Referring also to FIG. 1, in order to facilitate the above mentioned control methods in real-time, sensors (not shown) are preferably positioned throughout systems of the present invention in order to provide feedback information. Such sensors may include, but are not limited to, piston position measurement, combustion chamber pressure, hydraulic chamber pressure, combustion chamber temperature, hydraulic chamber temperature. Also, control systems and controllers of the present invention are preferably based upon computer technologies including the use of data processors that may be programmable and/or may include fixed ware. Computer control devices may be similar to those as are well known in automotive control systems in use currently for ignition control and for fuel injection control.
In a basic sense of the present invention, control of piston trajectory during engine firing is accomplished by utilizing control features as can also be applied for causing engine motoring during a start up mode. A difficulty with an active control during engine firing is the ability to control combustion and load within the time constraints of a piston's cycle. A single stroke typically occurs within about 30 milliseconds during engine firing, and it is key to control when to operate certain valves (discussed more in detail below) in order to control system pressures and thus piston trajectory. Preferably also, such active control is to be done dynamically, such as to, for example, change a compression ratio during engine operation. For each piston stroke, trajectory is a balance of forces including the combustion force on the one hand versus fluid compression forces and friction on the other.
In addition to the provision of hydraulic free piston engines, as discussed above, it is contemplated to use similar principles for controlling engine operation of an electrical free piston engine. Electrical free piston engines are also known, wherein a free piston is operatively connected with a linear alternator as a linear load device of the system. In such systems, electrical energy is generated and can be operatively connected with an energy storage device, such as a battery, which energy can be used in the motoring mode of operation of such a free piston engine design, and/or during the firing mode, in accordance with aspects of the present invention. Similarly as with a hydraulic free piston of the present invention, sensors can be provided throughout such an electric free piston engine for sensing piston position measurement, combustion chamber pressure, electrical current, combustion chamber temperature, electrical voltage, as examples. The control of load aspects of a linear alternator can be utilized in a similar manner as the control of hydraulic load aspects of a hydraulic free piston engine as described above.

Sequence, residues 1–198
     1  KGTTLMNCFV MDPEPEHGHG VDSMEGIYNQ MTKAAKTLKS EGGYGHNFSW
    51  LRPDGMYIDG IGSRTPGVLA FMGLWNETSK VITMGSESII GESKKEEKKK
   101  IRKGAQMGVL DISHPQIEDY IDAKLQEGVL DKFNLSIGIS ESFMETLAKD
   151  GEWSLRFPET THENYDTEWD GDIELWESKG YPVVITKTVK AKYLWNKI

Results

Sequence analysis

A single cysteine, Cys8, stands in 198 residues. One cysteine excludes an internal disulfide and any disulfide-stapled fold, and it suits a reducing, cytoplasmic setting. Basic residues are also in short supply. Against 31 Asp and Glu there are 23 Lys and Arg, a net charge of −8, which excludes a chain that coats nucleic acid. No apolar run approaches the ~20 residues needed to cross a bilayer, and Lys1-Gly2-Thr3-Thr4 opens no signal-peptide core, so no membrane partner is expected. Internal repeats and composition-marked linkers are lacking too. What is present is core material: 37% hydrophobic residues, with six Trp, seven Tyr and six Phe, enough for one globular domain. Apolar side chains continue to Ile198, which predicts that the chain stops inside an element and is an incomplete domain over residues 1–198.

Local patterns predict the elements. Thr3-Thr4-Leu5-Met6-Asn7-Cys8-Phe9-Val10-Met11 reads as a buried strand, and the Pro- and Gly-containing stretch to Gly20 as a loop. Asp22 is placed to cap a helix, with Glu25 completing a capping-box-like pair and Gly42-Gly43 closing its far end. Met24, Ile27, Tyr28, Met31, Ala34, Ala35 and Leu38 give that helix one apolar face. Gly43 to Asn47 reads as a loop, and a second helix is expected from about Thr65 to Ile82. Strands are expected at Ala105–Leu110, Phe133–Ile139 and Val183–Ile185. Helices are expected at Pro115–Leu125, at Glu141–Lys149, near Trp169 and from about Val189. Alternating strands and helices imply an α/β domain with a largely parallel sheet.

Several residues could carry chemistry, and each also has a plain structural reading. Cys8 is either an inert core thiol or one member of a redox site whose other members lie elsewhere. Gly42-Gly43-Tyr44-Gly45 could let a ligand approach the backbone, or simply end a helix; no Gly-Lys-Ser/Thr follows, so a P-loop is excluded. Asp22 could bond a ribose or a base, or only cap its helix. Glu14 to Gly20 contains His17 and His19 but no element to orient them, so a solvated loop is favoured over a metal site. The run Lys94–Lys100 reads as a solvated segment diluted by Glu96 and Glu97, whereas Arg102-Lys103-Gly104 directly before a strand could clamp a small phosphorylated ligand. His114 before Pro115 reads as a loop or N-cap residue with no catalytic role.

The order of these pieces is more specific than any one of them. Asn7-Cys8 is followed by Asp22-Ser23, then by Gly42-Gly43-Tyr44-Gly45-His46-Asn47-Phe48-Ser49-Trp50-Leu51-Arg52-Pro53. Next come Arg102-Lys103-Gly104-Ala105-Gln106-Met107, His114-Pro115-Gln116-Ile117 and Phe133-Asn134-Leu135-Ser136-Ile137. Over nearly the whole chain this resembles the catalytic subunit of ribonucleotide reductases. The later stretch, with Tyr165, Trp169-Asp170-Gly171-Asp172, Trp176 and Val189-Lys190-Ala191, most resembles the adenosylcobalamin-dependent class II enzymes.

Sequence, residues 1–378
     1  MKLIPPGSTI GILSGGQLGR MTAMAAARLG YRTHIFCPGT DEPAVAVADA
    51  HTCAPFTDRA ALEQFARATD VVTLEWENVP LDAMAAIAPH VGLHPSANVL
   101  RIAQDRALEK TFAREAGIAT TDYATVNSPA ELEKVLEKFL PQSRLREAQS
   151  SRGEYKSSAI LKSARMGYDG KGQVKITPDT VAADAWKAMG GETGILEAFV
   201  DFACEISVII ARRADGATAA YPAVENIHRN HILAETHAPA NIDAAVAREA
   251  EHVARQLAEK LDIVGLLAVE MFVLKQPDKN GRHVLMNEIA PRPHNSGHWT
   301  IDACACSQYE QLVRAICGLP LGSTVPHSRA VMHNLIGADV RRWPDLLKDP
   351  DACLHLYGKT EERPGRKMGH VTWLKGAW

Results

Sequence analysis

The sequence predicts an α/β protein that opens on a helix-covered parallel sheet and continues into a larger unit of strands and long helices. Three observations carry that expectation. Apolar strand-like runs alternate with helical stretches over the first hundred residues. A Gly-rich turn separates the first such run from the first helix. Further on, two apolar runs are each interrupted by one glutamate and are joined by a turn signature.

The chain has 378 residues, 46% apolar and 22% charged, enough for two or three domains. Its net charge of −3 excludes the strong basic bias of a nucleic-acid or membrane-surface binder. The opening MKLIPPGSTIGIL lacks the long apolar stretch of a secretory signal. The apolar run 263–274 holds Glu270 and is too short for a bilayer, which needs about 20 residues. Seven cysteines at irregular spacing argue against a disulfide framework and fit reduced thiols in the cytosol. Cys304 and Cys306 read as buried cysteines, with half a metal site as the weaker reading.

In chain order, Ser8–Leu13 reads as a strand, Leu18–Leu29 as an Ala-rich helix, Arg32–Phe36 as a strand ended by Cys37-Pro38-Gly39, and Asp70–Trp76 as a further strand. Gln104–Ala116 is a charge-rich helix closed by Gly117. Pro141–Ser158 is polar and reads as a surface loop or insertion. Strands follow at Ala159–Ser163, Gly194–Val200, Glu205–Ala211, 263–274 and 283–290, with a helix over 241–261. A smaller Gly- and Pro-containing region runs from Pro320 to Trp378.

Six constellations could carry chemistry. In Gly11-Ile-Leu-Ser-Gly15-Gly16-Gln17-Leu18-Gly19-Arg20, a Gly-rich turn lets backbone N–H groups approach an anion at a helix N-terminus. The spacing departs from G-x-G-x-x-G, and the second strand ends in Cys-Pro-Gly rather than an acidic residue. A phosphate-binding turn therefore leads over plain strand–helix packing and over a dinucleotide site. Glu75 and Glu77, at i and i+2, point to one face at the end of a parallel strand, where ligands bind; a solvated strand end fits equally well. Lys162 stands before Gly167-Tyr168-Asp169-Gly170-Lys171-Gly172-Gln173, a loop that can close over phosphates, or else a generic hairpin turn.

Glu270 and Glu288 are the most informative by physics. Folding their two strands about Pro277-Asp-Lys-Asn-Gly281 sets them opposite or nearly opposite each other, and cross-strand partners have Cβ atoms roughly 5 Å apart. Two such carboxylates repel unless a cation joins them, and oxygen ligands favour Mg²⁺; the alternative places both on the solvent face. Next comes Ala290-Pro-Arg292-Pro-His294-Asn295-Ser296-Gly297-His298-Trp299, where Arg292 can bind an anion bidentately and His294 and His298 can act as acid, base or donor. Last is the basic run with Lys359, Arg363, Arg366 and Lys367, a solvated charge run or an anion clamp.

The following describes certain other control aspects of the present invention. Specifically, control strategies in accordance with the present invention are described that employ robust repetitive control to achieve rapid and precise reference tracking and therefore produce an efficient and smooth engine operation. A controller acts as a virtual crankshaft which utilizes energy in a storage element to regulate piston position. It is clear that piston motion control can play a very important part in free piston engine operation, especially when conducting HCCI (homogenous charge compression ignition) with a free piston engine, for which high compression ratio is usually required. A slight change in TDC position could result in a large variation in compression ratio. Thus, to achieve the specified compression ratio, precise tracking is preferred.
To precisely track a reference signal in real-time, high bandwidth response of the system is desired. The ability to achieve high bandwidth response depends on a number of factors, which include the dynamic response of the hydraulic or electrical system, mass of the piston pair, sampling rate and the unmodeled dynamics of the system. System identification of a hydraulic system based on frequency response can be conducted. To do this, first, an open-loop hydraulic system is preferably stabilized by a proportional feedback controller. Preferably, a large control gain is chosen, as it gives faster response time and lesser steady state error. The hydraulic system will have static friction. Thus, when the system is tracking a signal with small amplitude, the steady state error could be fairly large. However, a large proportional gain helps the system overcome the friction and thus reduce tracking error. The frequency response of the hydraulic system can be obtained using the swept sine method, where a series of sinusoidal signals from 1 to 100 Hz are sent to the system and the response is recorded. The system according to this analysis is assumed to be linear as the nonlinear effect is lumped into the unmodeled dynamics. The discrete-time transfer function developed for the stabilized hydraulic system based on frequency response is:
where q−1 is the one step delay operator.
Despite its success in stabilizing a hydraulic system, a proportional feedback controller is incapable of tracking periodic reference signals. Accordingly, a more advance controller is preferably employed in accordance with the present invention. A controller used herein is preferably a repetitive control that is capable of tracking a periodic reference signal with a known period. A preferred feature of repetitive control is its extremely fast convergence rate of the tracking error due to its high feedback gains at the desired frequency locations.
A repetitive close-loop control system 500 is shown in FIG. 5 comprising a repetitive controller 502 and stabilized hydraulic plant 504, which plant 504 includes a hydraulic system and piston assembly 506.
The repetitive close-loop control system is shown in FIG. 5 and can be represented as follows:
u(k)=C(q −1)[r(k)−y(k)] (3)
where k is the discrete step index, u(k) and y(k) are the input and output of the stabilized hydraulic system, r(k) is the desired motion profile and C(q−1) is the robust repetitive controller which can be described as:
The repetitive controller designed based on the idea of zero phase compensation [14-15] is used to shape R(q−1):